Executive Order 13950 on Race and Sex Stereotyping Revoked. On January 20, 2021, President Biden, in his first day in office, issued Executive Order (EO) 13985, “Advancing Racial Equity and Support for Underserved Communities Through the Federal Government,” revoking EO 13950, “Combating Race and Sex Stereotyping,” which restricted the content of certain federal agencies’ diversity-related workplace trainings. According to this new executive order, advancing equity across the federal government “can create opportunities for the improvement of communities that have been historically underserved” and “each agency must assess whether, and to what extent, its programs and policies perpetuate systemic barriers to opportunities and benefits for people of color and other underserved groups.” On December 22, 2020, the United States District Court for the Northern District of California issued a nationwide preliminary injunction prohibiting OFCCP from implementing, enforcing, or effectuating Section 4 of EO 13950. As a result, OFCCP closed all complaints regarding noncompliance with EO 13950, rescinded its frequently asked questions guidance on the revoked EO, and discontinued its phone hotline and email accepting EO 13950 complaints.

OFCCP Issues 2020 Year in Review. On January 4, 2021, OFCCP looked back at the previous year of enforcement, commenting that “[g]iven the coronavirus pandemic, it was a challenging year,” but that the agency “responded nimbly and effectively, adjusting to the new conditions by granting extensions to federal contractors, increasing compliance assistance and outreach, and implementing virtual compliance evaluations.” OFCCP’s report on 2020 cited the agency’s:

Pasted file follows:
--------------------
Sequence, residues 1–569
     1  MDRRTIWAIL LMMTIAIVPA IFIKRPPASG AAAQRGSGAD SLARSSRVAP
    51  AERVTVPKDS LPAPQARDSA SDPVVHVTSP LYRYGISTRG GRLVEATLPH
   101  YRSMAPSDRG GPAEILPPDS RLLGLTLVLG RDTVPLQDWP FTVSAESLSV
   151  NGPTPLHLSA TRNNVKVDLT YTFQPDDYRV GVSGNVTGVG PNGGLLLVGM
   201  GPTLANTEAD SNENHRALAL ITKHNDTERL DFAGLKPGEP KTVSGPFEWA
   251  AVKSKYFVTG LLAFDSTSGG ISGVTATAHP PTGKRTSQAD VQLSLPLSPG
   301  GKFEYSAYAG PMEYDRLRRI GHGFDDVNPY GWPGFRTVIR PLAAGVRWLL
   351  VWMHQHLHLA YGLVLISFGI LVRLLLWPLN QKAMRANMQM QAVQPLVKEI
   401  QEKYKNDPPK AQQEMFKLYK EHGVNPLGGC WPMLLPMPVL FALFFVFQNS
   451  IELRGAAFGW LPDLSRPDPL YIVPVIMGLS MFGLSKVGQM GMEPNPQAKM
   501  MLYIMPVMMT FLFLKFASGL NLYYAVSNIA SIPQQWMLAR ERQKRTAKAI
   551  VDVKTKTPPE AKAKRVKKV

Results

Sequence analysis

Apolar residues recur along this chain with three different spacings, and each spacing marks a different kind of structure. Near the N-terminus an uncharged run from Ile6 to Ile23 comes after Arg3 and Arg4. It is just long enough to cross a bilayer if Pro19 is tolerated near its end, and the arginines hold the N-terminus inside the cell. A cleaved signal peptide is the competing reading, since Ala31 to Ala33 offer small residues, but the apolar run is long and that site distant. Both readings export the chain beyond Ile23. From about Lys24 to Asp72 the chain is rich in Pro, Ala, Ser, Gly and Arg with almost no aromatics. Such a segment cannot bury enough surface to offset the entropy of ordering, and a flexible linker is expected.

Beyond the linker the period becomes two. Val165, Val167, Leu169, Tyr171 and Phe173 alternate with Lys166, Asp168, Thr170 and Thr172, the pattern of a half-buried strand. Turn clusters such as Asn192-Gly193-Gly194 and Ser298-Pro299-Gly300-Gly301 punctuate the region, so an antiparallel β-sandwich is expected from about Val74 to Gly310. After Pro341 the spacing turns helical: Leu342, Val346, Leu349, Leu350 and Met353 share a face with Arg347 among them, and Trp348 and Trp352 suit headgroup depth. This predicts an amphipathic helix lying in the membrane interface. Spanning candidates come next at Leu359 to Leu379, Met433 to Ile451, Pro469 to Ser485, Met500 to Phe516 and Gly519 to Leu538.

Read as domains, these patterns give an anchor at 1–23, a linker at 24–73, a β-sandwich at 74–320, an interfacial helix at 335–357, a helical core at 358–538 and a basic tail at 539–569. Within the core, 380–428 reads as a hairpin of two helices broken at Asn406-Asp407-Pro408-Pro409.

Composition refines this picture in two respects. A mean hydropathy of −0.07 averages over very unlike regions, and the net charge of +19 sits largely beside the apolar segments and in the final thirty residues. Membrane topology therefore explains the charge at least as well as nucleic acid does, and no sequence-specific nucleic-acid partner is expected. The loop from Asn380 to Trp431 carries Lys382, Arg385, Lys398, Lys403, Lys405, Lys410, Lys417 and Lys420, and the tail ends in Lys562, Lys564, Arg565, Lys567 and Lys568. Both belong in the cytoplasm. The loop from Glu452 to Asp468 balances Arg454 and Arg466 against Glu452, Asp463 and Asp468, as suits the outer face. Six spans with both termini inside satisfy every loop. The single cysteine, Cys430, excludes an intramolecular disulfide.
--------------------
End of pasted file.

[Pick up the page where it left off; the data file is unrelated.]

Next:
1. “Effective Enforcement,” (including “Record Monetary Settlements” and “Expanded Focused Reviews”);

  2. “Rulemaking”; (including the final rule on nondiscrimination obligations of federal contractors and subcontractors , the religious exemption final rule, and the TRICARE final rule;

  3. “Increased Transparency” (including an updated Federal Contract Compliance Manual and new policy directives)

  4. “Enhanced Efficiency” (including updated technical assistance guidesand early resolution procedures)

  5. “Supported Equal Employment Opportunity” (including its Historically Black Colleges and Universities Initiativeand Indian and Native American Employment Rights Program).

© 2022, Ogletree, Deakins, Nash, Smoak & Stewart, P.C., All Rights Reserved.National Law Review, Volume XI, Number 32
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About this Author

T. Scott Kelly, Defense Contracting Attorney, Shareholder, Ogletree Deakins Law firm
Shareholder

Scott Kelly provides practical solutions for federal contractors and subcontractors across the United States to comply with the ever-changing affirmative action obligations imposed by doing business with the federal government.  He advocates on behalf of his clients in compliance evaluations and administrative enforcement actions triggered by the United States Department of Labor’s Office of Federal Contract Compliance Programs (OFCCP).  Mr. Kelly assists manufacturing, transportation, construction, food processing, hospitality, healthcare, and financial institutions...

205-986-1024
Leigh Nason, Federal Contractors, OFCCP, Ogletree Deakins, Shareholder, Attorney
Shareholder

Leigh Nason is a shareholder in the Columbia, South Carolina office of Ogletree, Deakins, Nash, Smoak and Stewart, P.C., and chairs the firm’s Affirmative Action/OFCCP Compliance Practice Group.  She currently devotes the majority of her practice to representing federal contractors and subcontractors in compliance evaluations and administrative enforcement actions triggered by the United States Department of Labor’s Office of Federal Contract Compliance Programs (OFCCP).

803-252-1300
Of Counsel

Christopher (“Chris”) Near works closely with employers to provide advice and representation on employment-related issues that may arise under state or federal statute, regulation, or common law, with a focus on federal and South Carolina law. Chris also provides companies with guidance on handling day-to-day personnel matters and offers advice generally with implementing best practices for employment matters that arise in the normal course of business.

Christopher focuses in: 

  • Litigation
  • ...
803-252-1300